Well, have read everthing on his thread andI feel like I have a good grasp of what to do. I have just one question that I need hel[ with. I would like to use one of those metal switches that have a led circle in them. someone called it a tron switch. I don't know where but I did see one somewhere but it was rates at 2 amps. If I canfind i again will it work and if not does anyone know where to find one.

Thanks Mick 8844

Like this?



It's too large for a AA battery box. Comes in different colors. See --> HERE

Offline asnider123

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Re: .44 mini Booster Box Mod Variable Voltage
« Reply #361 on: August 22, 2013, 09:02:02 PM »
Really cool switch!!!!!  ;cheers;

Offline energeticrain

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Re: .44 mini Booster Box Mod Variable Voltage
« Reply #362 on: August 30, 2013, 07:45:55 PM »
Thanks breakthru followed  u guide works a treat.....my vv emergency booster box range 3.5v to 5.5 v

Offline methos

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Re: .44 mini Booster Box Mod Variable Voltage
« Reply #363 on: August 30, 2013, 08:07:26 PM »
Thanks breakthru followed  u guide works a treat.....my vv emergency booster box range 3.5v to 5.5 v

Nice work!!  Isn't it great to Vape with something yourself?

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Re: .44 mini Booster Box Mod Variable Voltage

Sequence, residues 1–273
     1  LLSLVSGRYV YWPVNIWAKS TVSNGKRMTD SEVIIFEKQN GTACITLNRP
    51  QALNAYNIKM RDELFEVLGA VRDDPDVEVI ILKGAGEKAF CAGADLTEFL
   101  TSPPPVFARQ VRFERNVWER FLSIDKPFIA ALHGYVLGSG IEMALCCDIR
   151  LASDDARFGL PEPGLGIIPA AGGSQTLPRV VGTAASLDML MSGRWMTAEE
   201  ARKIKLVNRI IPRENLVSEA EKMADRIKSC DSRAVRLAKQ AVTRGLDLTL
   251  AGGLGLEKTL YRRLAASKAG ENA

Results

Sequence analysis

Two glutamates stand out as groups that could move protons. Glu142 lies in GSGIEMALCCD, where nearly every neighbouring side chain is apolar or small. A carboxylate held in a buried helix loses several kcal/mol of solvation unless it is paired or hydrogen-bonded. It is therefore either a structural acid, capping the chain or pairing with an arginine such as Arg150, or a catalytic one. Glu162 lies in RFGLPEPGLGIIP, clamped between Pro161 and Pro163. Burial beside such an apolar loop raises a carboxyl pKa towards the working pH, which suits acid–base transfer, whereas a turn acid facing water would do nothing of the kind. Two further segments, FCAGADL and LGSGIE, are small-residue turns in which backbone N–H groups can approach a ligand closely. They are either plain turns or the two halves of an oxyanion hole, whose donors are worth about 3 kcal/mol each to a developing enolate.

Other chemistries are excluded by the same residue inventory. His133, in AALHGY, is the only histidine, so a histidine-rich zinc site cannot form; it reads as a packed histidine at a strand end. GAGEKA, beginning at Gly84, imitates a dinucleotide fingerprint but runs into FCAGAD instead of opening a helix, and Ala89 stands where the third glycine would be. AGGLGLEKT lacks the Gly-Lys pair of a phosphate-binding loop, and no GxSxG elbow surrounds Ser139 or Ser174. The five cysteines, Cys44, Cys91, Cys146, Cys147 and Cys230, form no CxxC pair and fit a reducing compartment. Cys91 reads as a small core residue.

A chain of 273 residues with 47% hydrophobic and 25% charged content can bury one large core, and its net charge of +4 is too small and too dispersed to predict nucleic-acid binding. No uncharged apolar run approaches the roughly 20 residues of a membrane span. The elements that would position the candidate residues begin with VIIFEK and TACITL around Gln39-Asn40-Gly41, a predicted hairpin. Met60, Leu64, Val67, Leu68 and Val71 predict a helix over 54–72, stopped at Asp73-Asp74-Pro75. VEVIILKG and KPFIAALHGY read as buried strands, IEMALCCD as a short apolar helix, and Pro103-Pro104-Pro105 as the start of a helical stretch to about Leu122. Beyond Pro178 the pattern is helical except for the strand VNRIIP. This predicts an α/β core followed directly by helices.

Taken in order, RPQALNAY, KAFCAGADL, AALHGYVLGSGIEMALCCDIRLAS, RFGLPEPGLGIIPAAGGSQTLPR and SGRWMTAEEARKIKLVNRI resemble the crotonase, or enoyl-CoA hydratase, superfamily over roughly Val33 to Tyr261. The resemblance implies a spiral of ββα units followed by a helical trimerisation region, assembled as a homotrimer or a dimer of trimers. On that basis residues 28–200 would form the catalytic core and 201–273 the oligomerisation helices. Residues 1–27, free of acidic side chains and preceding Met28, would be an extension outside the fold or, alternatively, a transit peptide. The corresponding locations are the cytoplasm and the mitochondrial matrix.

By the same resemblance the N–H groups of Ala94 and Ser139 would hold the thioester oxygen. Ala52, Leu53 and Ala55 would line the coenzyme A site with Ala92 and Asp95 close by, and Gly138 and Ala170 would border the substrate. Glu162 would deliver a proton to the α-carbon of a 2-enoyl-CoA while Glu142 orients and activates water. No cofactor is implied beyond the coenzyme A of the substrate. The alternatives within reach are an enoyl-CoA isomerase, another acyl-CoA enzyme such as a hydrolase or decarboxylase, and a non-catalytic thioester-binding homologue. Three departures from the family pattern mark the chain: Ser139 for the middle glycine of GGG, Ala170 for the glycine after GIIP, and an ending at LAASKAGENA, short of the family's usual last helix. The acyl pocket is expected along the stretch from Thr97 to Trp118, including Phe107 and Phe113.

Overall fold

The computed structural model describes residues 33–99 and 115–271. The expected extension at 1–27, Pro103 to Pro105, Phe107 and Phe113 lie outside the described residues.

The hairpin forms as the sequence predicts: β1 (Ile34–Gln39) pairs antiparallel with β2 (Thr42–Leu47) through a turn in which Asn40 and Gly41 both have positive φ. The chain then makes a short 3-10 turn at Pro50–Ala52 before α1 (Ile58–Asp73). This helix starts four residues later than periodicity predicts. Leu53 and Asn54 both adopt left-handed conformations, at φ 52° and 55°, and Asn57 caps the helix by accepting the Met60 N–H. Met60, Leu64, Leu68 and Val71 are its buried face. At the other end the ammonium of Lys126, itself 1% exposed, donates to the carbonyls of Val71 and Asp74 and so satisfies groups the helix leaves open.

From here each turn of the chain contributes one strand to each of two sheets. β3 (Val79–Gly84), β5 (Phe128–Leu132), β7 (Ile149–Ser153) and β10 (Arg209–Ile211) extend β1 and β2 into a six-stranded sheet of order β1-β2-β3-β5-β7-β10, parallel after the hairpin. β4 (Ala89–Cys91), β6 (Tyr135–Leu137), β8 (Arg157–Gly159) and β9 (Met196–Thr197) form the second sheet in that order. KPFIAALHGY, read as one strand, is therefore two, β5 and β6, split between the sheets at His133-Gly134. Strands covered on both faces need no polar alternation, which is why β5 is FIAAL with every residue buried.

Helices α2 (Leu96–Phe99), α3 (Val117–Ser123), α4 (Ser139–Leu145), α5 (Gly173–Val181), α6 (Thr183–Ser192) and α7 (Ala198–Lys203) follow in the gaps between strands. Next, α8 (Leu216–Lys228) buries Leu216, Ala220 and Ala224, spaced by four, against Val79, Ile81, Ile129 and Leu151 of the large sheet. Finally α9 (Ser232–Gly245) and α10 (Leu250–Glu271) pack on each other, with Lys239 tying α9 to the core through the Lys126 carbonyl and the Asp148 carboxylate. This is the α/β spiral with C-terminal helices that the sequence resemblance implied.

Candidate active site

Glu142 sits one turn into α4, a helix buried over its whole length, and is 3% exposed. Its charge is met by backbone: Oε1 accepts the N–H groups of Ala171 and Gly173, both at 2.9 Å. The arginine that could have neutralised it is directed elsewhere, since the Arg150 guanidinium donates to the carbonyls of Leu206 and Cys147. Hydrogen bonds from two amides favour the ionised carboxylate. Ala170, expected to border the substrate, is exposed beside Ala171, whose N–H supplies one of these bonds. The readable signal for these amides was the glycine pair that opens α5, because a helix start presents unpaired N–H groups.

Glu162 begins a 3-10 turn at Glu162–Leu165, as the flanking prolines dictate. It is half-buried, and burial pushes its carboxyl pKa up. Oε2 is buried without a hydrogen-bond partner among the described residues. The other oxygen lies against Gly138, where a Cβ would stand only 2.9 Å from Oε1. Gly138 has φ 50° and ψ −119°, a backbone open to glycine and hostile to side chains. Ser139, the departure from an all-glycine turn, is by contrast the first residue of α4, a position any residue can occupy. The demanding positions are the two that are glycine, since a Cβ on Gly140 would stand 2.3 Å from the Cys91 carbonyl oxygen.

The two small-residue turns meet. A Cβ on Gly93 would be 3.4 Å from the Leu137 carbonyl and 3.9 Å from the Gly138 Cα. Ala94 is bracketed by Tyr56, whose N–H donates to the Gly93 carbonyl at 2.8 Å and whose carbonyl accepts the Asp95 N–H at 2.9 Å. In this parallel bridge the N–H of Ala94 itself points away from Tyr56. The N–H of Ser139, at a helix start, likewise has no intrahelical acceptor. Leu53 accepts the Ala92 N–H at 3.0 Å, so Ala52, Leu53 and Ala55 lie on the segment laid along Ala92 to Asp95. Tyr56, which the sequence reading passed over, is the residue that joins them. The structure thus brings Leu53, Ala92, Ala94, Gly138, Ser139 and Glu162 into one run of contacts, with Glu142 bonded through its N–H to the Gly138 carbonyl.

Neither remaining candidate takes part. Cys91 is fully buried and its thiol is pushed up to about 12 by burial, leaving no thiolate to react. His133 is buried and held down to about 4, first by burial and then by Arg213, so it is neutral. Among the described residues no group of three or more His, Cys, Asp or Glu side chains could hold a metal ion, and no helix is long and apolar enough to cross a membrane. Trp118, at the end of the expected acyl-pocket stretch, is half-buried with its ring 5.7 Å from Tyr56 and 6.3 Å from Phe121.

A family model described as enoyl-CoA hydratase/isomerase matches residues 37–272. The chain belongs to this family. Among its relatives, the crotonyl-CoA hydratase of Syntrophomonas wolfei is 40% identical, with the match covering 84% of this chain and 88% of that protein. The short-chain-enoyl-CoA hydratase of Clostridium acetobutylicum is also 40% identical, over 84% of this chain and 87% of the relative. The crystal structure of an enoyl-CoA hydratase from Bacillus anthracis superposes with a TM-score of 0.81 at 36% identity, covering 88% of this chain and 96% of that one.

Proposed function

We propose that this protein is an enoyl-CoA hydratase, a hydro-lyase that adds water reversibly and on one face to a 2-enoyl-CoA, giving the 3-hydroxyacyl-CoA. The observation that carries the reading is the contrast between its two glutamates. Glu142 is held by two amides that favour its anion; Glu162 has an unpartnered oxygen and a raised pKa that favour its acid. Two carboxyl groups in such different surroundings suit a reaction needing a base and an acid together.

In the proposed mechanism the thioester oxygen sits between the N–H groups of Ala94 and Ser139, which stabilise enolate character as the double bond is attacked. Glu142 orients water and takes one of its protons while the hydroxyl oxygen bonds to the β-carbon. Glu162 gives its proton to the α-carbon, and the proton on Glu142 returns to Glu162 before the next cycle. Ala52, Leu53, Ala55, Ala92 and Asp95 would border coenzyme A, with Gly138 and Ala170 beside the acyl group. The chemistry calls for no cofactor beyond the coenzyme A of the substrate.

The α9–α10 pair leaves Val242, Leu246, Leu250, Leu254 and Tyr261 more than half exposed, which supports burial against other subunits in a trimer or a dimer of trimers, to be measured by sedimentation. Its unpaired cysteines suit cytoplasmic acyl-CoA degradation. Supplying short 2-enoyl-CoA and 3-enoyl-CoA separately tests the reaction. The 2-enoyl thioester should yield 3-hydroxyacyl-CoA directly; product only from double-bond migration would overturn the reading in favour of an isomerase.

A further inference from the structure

« Reply #364 on: August 30, 2013, 08:13:25 PM »
Thanks breakthru followed  u guide works a treat.....my vv emergency booster box range 3.5v to 5.5 v

Well done  ;cheers;
Looks good in that box. I think a have one or two of the same box somewhere. I stock pile stuff and forget where things are  :facepalm:

Offline methos

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Re: .44 mini Booster Box Mod Variable Voltage
« Reply #365 on: August 30, 2013, 08:48:29 PM »
I stock pile stuff and forget where things are  :facepalm:

Been there, Still do that.  LMAO :laughing2:

Offline gknowes

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Re: .44 mini Booster Box Mod Variable Voltage
« Reply #366 on: August 30, 2013, 09:08:46 PM »
I've uses that box before, looks great!!! if you trim the tabs down on the box, the cover slides on & off easier  :thumbsup:

Offline energeticrain